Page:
Common Disturbing Neck Pain Symptoms & Conditions That Can Linger, Becoming A Chronic Pain Issue & May Involve Dizziness, Memory Problems & More.
Chronic neck pain is an issue that is difficult to treat, sometime requiring surgery. It is often very frustrating to deal with chronic neck related problems because they can be resistant to treatment and may involve symptoms such as irritability, dizziness, memory problems as well as eye problems, which are some common disturbing neck pain symptoms.
These disturbing neck pain symptoms may be related to more well known conditions like chronic whiplash injuries, but may involve other conditions such as concussions and vascular problems.
We have discussed some conditions like whiplash or neck sprain/strain injury, disc problems, joint problems and degeneration or arthritis. Lets revisit one briefly and look at some other conditions that can have some common disturbing neck pain symptoms. The table below shows common symptoms of these conditions and we will discuss these below the table.
|Neck pain stiffness||P||P||P||P||P|
|Cognitive (thinking) impairment||P||P||P|
|Cranial nerve symptoms||P|
P = Present Symptom. Chronic = pain or symptoms lasting 6 months and more. Parasthesia = symptoms like tingling or numbness. Dysphagia = problems swallowing. Suboccipital headaches = pain at the base of the skull. Cranial nerve symptoms = 12 cranial nerves producing many neurological symptoms like Bell’s Palsy or related to the face.
Modified from: The Open Orthopaedics Journal, 2014, 8, 326-345
This refers to problems with the first two bones (vertebrae) of the neck (cervical spine). Much of the head rotation comes from these two bones, the top of which connects to the skull. Instability can be from accidents which damage the ligaments or structures in this area. It is also a feature of rheumatoid arthritis in the cervical spine and down’s syndrome.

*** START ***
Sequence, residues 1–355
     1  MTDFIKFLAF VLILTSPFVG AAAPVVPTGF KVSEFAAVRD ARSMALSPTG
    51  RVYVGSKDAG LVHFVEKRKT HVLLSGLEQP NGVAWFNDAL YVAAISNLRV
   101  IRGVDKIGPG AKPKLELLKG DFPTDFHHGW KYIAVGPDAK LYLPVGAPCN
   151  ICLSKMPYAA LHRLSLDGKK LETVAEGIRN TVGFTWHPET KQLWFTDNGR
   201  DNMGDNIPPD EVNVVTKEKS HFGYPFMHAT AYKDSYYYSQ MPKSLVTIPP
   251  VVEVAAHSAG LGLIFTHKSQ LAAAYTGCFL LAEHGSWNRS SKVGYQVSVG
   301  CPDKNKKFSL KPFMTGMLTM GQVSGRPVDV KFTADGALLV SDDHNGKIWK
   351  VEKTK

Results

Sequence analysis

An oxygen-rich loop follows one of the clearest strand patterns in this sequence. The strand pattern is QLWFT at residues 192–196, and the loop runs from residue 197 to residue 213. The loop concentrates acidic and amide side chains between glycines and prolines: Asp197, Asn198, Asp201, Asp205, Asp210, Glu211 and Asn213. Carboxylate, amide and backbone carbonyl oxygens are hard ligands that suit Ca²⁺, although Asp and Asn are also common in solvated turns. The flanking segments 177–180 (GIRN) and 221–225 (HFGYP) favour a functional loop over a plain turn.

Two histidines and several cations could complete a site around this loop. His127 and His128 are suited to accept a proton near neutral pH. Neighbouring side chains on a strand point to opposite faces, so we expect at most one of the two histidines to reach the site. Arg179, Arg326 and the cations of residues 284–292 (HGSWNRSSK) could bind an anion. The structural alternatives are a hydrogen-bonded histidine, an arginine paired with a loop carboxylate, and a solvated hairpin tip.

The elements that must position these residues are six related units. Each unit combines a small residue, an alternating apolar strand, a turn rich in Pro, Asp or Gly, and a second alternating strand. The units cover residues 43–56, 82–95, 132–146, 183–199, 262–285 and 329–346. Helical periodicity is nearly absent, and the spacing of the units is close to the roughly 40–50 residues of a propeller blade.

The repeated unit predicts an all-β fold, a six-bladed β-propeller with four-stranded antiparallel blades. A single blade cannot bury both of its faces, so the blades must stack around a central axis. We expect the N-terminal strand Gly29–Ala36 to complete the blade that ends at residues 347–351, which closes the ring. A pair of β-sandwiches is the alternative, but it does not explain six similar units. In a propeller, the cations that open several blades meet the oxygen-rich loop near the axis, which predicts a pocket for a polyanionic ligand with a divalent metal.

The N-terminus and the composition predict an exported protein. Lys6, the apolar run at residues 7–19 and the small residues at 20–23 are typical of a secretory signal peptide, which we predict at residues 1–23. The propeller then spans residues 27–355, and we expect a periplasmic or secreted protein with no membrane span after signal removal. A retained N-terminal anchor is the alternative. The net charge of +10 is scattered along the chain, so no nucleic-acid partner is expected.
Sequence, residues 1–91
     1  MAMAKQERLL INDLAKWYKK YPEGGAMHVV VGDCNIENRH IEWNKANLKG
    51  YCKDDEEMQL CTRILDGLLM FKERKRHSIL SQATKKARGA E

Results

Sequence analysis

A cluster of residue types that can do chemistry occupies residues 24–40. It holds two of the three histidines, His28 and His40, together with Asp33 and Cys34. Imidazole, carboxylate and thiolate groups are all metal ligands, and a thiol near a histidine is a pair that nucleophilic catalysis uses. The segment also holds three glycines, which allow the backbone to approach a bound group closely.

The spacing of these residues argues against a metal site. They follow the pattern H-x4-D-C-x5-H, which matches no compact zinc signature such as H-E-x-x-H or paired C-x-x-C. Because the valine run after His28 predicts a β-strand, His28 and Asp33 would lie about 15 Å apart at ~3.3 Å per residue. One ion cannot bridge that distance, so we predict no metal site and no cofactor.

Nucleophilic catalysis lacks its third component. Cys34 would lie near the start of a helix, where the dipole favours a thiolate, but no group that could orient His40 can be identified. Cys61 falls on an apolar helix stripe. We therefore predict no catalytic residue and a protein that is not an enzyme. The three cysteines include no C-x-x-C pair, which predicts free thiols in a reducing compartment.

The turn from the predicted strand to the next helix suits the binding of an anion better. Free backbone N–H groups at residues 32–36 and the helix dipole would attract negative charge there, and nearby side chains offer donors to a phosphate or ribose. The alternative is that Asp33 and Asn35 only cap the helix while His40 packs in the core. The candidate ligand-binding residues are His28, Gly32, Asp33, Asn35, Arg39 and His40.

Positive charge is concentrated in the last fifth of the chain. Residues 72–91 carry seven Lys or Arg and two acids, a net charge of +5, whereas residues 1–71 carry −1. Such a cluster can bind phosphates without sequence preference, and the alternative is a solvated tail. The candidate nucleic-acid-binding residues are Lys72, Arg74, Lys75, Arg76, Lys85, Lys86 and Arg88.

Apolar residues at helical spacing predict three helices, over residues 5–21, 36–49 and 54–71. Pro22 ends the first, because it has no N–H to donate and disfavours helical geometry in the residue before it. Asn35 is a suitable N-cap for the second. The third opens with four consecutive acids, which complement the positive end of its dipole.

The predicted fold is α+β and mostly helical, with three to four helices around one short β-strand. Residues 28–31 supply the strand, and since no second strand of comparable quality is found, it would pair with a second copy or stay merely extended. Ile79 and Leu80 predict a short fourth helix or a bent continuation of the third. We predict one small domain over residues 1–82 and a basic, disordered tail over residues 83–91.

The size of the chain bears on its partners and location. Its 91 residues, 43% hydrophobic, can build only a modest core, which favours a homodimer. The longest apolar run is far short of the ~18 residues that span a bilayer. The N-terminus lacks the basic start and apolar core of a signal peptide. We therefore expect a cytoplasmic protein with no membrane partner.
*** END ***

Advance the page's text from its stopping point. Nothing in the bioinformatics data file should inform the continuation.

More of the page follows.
Injury to the ligaments of these bones from neck or head trauma, even though not visible on x-rays, are more frequent than bone fractures or dislocations, which are usually easy to discover on x-rays. If there is laxity of the ligaments around the atlanto-axial areas, rotation or turning of the head is the major cause, especially side bending with rotation. Almost 25% of damage seen with more severe neck injuries, mostly involving rotation, are due to just the ligaments. Some atlanto-axial ligament injuries produce enough instability to cause severe neurological problems; part of the brain stem and the spinal cord is in this area. However, as in early stages of rheumatoid arthritis, most problems arrise from damage that is below the threshold of these severe symptoms to the joints and ligaments in this region of the cervical spine, and a major cause of chronic neck pain symptoms from traumatic injury.